Hedge fund Okumus Capital is a step closer to finding out who was buying shares of
just days before a big merger announcement.
A New York state judge has given the $800 million hedge fund the green light to seek information from
about the identities of any customers who bought some 2.4 million shares of Mercury from Okumus Capital in late July.
Last month Okumus
went to court seeking that information, after claiming that some of the buyers may have been improperly tipped off that
was about to announce a $4.5 billion acquisition of Mercury.
The hedge fund claims it lost $27 million by selling Mercury shares ahead of the announcement.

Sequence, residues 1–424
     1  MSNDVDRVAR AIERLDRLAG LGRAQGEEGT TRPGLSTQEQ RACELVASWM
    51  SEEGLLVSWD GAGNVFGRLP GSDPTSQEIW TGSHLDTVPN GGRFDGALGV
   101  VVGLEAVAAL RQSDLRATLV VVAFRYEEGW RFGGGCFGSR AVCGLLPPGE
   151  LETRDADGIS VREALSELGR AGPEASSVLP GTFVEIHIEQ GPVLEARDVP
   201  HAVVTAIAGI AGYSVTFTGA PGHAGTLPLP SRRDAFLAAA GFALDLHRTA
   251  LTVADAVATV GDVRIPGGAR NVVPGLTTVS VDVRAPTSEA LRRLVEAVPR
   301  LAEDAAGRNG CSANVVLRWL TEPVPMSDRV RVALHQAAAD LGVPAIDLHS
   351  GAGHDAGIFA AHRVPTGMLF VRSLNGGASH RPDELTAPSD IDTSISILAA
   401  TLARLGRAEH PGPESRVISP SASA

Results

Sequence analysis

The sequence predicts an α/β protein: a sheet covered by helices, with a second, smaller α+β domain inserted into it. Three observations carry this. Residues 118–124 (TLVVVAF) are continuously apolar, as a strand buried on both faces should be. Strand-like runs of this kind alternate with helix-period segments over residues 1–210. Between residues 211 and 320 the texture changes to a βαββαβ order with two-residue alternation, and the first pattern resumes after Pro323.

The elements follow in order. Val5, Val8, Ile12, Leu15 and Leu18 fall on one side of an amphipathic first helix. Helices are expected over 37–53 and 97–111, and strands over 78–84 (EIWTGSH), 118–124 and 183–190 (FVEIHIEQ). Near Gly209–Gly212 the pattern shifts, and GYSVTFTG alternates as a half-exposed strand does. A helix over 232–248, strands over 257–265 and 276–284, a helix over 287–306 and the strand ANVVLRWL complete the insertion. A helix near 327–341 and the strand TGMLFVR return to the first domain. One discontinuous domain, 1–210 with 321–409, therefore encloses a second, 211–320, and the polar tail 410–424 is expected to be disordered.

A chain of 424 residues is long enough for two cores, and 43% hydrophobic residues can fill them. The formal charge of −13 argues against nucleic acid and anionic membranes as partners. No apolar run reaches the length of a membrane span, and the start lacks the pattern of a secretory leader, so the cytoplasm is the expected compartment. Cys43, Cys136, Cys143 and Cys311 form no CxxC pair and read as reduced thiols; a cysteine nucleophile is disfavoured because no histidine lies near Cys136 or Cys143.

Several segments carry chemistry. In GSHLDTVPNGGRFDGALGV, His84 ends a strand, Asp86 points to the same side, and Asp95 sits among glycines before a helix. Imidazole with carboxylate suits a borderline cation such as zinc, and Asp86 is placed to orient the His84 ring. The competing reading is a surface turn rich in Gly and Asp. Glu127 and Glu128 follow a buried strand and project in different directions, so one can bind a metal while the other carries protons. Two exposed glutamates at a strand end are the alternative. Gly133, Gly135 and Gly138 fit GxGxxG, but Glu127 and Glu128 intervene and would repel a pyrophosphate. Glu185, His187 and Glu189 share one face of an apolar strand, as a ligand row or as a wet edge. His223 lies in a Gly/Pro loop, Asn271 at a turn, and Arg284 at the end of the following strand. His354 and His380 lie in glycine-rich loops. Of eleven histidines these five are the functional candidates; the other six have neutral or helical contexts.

A state judge approved the unusual request last week, after neither Goldman Sachs nor Jefferies appeared in court to challenge the demand. Officials with Goldman Sachs and Jefferies were not available for comment.
It's possible, however, that Goldman Sachs and Jefferies may still challenge the demand for customer information.
The investment firms could be waiting for lawyers for Okumus to formally serve a subpoena on them. Legal experts say once that occurs, the investment firms could go to court seeking to quash -- or kill -- the subpoena.
To date, Okumus has not made any of wrongdoing by either Goldman Sachs or Jefferies.
But the unstated implication in the hedge fund's legal filing is that someone tipped off customers and others on Wall Street about the deal, making Okumus Capital an unwitting seller.
Goldman Sachs served as the main adviser to Mercury Interactive in the transaction.